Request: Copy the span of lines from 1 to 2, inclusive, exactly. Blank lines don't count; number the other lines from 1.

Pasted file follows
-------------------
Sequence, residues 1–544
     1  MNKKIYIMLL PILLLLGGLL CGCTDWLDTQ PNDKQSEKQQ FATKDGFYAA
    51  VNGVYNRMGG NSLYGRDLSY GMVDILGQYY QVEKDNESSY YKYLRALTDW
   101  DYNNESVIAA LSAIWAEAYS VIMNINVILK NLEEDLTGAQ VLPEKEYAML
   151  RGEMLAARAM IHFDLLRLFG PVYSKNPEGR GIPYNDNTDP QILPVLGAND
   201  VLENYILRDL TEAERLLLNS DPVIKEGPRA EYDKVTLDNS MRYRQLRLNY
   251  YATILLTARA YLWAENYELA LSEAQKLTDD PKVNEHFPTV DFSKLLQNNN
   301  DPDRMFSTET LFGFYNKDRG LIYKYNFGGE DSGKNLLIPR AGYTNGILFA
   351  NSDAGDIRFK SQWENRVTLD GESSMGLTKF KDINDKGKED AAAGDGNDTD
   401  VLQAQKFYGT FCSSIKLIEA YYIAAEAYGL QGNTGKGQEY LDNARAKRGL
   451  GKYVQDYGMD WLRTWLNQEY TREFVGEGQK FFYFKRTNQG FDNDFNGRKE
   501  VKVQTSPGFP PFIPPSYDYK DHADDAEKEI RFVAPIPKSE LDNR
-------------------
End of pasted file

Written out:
Sequence, residues 1–544
     1  MNKKIYIMLL PILLLLGGLL CGCTDWLDTQ PNDKQSEKQQ FATKDGFYAA